WAR AND THE CROWD
BY MR. JAMES PARKER M.P.
London is back in Mafficking mood, and the blood lust has gripped its people. I hope the provincial towns are meeting the crisis in a far more serious mood. I wish I could blot from my memory the scenes of the last three days. They have been of the kind that shakes one’s faith in all those things which makes for moral and spiritual advancement in mankind. I saw London twice during the South African war. I witnessed the orgies of Ladysmith night. I saw them again on Monday and Tuesday evening, in the East End, West End, and the South side of the river, and I confess I was appalled with the light-hearted wrecklessness of my fellow men and women. Judging by the demonstrations of the crowd it might have been a picnic that nation was entering upon instead of the greatest crisis of a century – shouting, singing, cheering mobs; beside themselves with blood lust and war intoxication. They shouted patriotic songs, sang “Rule Britannia”, they clamoured on the top of the buses, waved miniature Union Jacks, and generally conducted themselves in a way that proved they could have no idea of the gravity of the situation.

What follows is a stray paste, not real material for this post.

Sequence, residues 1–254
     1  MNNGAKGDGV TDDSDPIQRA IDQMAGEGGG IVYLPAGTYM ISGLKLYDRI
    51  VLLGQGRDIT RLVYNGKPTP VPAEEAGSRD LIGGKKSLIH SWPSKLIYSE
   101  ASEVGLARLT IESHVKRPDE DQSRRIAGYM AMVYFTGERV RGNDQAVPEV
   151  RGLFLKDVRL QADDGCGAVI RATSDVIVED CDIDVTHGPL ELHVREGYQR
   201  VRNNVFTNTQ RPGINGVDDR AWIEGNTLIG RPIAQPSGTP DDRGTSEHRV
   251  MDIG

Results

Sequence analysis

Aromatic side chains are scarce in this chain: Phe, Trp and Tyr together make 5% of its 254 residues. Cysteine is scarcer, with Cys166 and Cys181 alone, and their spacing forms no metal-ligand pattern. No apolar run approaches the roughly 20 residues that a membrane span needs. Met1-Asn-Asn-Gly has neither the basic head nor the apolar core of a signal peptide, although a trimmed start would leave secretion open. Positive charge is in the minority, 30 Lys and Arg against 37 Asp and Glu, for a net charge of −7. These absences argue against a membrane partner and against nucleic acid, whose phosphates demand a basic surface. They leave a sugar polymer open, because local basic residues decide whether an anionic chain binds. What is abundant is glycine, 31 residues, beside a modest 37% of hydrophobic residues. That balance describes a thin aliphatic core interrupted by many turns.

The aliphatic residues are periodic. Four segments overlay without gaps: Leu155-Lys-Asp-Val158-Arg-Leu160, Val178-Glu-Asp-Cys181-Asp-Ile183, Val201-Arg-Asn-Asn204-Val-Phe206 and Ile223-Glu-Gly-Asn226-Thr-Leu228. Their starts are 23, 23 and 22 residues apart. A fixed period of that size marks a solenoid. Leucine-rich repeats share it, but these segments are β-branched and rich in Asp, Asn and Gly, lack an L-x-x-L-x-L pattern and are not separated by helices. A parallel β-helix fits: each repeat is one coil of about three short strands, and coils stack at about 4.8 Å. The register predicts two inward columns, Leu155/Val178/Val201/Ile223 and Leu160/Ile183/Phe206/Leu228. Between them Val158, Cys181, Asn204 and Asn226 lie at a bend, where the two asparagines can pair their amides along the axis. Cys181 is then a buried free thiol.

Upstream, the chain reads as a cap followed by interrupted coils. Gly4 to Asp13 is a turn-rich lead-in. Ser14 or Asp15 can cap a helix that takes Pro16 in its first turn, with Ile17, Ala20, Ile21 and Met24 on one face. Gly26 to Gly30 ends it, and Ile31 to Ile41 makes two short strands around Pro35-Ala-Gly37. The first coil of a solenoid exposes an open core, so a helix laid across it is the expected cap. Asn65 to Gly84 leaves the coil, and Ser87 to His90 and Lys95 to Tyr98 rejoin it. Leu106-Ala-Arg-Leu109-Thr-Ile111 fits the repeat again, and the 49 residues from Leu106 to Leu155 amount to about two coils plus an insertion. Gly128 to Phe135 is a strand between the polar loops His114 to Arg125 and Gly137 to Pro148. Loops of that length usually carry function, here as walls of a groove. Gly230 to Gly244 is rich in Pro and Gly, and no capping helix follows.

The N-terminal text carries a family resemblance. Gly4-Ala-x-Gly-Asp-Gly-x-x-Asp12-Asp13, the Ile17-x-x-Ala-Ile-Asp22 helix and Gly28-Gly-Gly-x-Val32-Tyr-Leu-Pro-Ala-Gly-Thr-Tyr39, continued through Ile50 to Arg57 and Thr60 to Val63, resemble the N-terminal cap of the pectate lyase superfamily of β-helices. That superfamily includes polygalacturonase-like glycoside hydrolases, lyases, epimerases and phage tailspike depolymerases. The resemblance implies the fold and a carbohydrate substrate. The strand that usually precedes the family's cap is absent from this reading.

(Halifax Courier, 8 Aug 1914)
[James Parker was the Labour M.P. for Halifax from 1906 until 1918. Mafficking (referring to loud and boisterous public celebrations) was a word invented after the news of the relief of Mafeking in 1900 during the South African War reached London, and led to widespread 'Mafficking'. It seems obvious that James Parker had judged the situation better than the London crowds.]